By 1957 Kenton was fed up with touring, which prompted him to buy the Rendezvous Ballroom as a permanent home base for his band. Then he found himself on the road again within a few months, after discovering he could not attract big enough crowds in the same location to make it pay. The versatile Kenton broadened his career once again in 1959 when he founded the first of his university “jazz clinics,” at Indiana University and Michigan State University. These clinics, which he later set up in other schools as well, proved to be highly fertile training grounds, and Kenton proved to have a sharp eye for hot new talent.
As rock ‘n’ roll eroded the popularity of his band in the early 1960s, Kenton branched out again with his New Era in Modern Music Orchestra. This 23-piece ensemble included a mellophonium, a cross between a trumpet and trombone that produced a sound similar to a French horn. Unlike his bands of the past, this Kenton group relied mostly on young performers rather than highly paid established stars. The band recorded eleven albums during its two-year history and received much acclaim for its recordings of the sound track for West Side Story and another album called Adventures in Jazz.
Kenton’s next band was the highly experimental Neo-phonic Orchestra, which featured 14 brass instrumentalists among its 28 players. The bandleader’s high visibility and popularity at this time attracted some top Hollywood musicians and jazz-oriented composers, as well instrumentalists who played with his previous bands. Many critics considered this band to be Kenton’s creative peak. As was pointed out in the Christian Science Monitor in 1966, “One gets the feeling that this is what Stan Kenton has been working up to all his musical life… music that has integrity, individuality, and modernity, without bogging down in atonality, electronic gimmicks, and self-conscious abstractions.” In an ironic shift from his past history of popular acceptance and critical derision, the Neophonic Orchestra was championed by the critics but lost money. Financial setbacks forced Kenton to bolster his income by performing with a pickup band, recording albums, and making guest spots on television during the late 1960s.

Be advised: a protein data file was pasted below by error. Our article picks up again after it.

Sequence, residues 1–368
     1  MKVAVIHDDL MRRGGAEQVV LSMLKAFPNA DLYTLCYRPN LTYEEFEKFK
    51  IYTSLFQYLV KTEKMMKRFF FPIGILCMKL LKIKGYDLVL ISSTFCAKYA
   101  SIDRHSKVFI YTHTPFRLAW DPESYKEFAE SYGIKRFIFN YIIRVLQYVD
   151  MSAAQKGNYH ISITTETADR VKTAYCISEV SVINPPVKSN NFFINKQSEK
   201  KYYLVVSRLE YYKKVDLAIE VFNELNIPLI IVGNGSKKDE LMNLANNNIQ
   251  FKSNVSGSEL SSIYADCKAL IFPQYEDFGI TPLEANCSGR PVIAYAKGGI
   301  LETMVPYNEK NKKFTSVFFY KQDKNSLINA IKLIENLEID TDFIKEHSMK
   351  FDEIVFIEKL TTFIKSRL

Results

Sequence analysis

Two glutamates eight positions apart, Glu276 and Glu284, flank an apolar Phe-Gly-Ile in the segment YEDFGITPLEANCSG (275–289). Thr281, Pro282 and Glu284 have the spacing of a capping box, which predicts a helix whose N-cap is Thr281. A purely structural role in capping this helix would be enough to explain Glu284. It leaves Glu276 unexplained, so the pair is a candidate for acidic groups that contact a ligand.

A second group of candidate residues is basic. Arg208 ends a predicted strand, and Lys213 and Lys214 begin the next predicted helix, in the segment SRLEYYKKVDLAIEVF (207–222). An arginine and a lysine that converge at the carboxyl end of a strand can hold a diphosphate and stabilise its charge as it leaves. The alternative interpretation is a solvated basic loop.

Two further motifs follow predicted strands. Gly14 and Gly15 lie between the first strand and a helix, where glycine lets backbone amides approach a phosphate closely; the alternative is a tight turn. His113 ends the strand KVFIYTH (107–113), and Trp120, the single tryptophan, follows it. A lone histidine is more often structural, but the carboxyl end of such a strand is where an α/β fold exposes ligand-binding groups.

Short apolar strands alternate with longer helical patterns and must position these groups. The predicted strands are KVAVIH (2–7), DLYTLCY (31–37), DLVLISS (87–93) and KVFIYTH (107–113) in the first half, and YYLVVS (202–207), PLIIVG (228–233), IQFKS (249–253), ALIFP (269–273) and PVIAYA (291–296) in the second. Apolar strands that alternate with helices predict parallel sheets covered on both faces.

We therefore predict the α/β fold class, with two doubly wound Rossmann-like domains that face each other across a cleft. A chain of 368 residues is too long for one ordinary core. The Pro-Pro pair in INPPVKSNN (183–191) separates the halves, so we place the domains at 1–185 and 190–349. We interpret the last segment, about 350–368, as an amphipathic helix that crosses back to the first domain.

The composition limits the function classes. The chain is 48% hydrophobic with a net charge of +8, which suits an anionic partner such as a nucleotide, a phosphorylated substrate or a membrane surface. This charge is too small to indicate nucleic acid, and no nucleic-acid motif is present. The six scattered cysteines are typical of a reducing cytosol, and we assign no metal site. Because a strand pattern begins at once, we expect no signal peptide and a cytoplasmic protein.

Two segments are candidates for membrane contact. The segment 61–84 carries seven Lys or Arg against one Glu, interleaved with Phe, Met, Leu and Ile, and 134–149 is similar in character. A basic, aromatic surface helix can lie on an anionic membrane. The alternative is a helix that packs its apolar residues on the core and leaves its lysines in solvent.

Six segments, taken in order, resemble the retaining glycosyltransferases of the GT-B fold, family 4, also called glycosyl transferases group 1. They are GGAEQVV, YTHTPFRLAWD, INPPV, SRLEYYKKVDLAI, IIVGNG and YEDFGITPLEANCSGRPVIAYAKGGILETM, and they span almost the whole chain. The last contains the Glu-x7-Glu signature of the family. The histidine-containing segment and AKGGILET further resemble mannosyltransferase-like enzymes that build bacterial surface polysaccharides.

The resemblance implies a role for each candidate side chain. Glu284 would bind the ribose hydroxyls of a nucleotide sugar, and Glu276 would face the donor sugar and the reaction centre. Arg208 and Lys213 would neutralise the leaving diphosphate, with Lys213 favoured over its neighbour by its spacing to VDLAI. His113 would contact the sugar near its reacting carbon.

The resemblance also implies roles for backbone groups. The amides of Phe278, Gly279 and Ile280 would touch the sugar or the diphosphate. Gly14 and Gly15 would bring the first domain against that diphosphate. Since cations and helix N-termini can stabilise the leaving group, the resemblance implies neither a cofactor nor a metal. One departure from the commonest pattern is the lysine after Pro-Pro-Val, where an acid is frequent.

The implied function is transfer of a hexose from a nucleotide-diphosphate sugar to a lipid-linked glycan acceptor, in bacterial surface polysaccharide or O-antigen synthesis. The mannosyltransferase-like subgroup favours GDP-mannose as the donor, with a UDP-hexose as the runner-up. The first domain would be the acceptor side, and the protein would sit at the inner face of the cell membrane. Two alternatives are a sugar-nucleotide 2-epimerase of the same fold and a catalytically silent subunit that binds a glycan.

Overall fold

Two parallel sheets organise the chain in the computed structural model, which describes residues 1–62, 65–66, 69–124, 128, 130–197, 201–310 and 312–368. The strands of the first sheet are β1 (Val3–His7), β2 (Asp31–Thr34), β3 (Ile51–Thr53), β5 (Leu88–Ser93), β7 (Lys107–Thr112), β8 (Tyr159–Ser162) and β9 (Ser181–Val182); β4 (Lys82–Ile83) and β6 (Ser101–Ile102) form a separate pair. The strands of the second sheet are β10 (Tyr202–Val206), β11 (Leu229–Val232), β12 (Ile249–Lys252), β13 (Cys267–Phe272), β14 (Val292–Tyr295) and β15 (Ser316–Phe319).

In the 1970s Kenton devoted more attention to the educational and business ends of his music. By 1975 he was conducting over 100 music clinics a year, as well as four week-long summer clinics on college campuses. At this time he was also distributing various educational materials and stage-band charts, as well as his own albums, with his Creative World company. Still active on the performance circuit with a new band formed in 1970, Kenton toured Europe and Japan during the early and mid 1970s. Various illnesses and hospitalizations slowed him down somewhat, including an aneurysm in 1972, and a cerebral hemorrhage in 1977, before he passed away in 1979. To his dying day he remained highly critical of country music, as well as rock ’n’ roll, and had little respect for the musical tastes of people in general. “Sophistication only exists in one or two percent of the masses,” he told Thomas Lyles in an interview for the Washington Star in 1975. “And that two percent is the two percent that has to support jazz, classical music and the arts. The masses can’t communicate with art.”